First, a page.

I might've gone maybe too much into it though.

I appreciate your reply and I find it well thought-of.

The problem is that Science Fiction is, literally, Fantasy without swords (or sorcery, but my position is that the two basically go together).

Or at least that's what it started as, back in the Golden Age. For instance, you'll probably know that in that era the editors of Sci Fi pulps would reject a story if it had magic in it, so writers instead framed magic as "psionics" - because that made their stories sound more scientifically plausible (for their time, always).

So in essence, you could take the exact same story, with the same characters having the same motivations and advancing down the same goal etc, and simply change the external trappings, from sword and sorcery to ray guns and psionics, or vv, and- presto, genre change.

The distinction is entirely artificial, is what I'm saying, and dictated more by the needs of the publishing (or TV, film, etc) industry than what kind of stories a writer wants to write or a reader/viewer enjoy.

That is as true now as it was back then but it's actually a good thing, nowadays, because it means that you can tell the same stories either as Fantasy or as SF and all that matters is really how good the story is. Hero's journey with aliens and spaceships, for Star Wars, gritty realism with swords and dragons for The Game of Thrones. And why not?

The best Fantasy and SF is very often found in the boundary between the two genres. The flimsier the boundary, the easier for the two genres to intermingle to the delight of all of us who enjoy a good story, regardless of the trappings.

Btw, I should say that most of my interest in (and knowledge of) Fantasy and SF comes from novels, rather than TV shows and films. I appreciate that TV shows, in particular, have been able to tell more engaging stories in recent times (eg. I'm totally a BSG fangirl) but still TV prioritises tropes and specialises in providing a quick fix- which though makes my criterion even more relevant. In writing, it's a lot easier to escape the tropes and just tell a story about people doing things, rather than who-fought-whom-with-what.

Additionally- I personally find that analysing plot elements as hints of genre is very unproductive because their classification can only be subjective. That sort of thing is how we end up with sub-categories like Space Opera that are completely pointless, bagging together Star Wars, Dune and Consider Phlebas, as if they were the same kind of thing.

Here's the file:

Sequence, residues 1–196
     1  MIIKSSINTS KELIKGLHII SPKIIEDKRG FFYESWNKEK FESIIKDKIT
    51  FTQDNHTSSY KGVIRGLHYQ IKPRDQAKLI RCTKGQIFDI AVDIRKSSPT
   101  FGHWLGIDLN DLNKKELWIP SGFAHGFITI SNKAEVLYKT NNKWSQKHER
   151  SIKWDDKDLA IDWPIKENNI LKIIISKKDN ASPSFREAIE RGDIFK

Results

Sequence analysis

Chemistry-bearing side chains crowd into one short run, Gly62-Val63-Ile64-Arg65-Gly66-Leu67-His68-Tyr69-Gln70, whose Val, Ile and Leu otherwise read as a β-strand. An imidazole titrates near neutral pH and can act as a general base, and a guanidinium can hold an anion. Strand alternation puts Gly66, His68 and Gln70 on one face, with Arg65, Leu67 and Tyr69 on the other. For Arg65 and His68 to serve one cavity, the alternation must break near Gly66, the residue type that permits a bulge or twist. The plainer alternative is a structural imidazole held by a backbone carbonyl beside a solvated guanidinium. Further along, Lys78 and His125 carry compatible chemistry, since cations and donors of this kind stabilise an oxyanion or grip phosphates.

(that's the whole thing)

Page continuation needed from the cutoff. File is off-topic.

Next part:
I think we both speak of the same thing, but I come from dramaturgy background. Story is story, no matter the genre or medium. At its core, story is always about change in the character through dramatic arc. If there is none, it's journalism, for lack of better words. Mechanics are vastly different through media. For example, in screenplays you get to write only what you hear and what you see. Essay form is allowed only to explain to the creators of ultimate form what you mean.

When you shed all the layers of genres, when you come down to the basic principles of dramaturgy, you're left with the core of storytelling that's in all stories ever told. From Plato's Cave to Aristotelian unities onwards to Star Wars and Seinfeld, there are certain core principles which hold true in form and structure. Form, not formula. In dramatic arc and story structure there are elements which morph and trade places and these, along with psychological and visual motifs make a genre. It's probably valid approach to view/interpret this on a whole other level, and that's the beauty of it. This is just my viewpoint based on some experience and background in dramaturgy. It's a view on abstract principles of storytelling where you get to manipulate form and structure itself before you materialise it into particularities. Kind of like virtual functions, or better yet a class diagram of a story before you write it down. Dramatic theory is not competing with literary theory - it complements it, specializes it. I took dramatic theory as a heavy weapon which I find extremely useful in my work, but I didn't dwell much further into literary theory. I took some bits and pieces that I find useful for my work, like intertextuality (esp. biblical - which is tropey as it gets, Star Wars for example and Hero's Journey, but most modern literature as well)... etc. I have colleagues which are far more well-versed in literature theory than I am for when I need insight. I'm more concerned with dramatic mechanics and structure, because that's what I do and what interests me.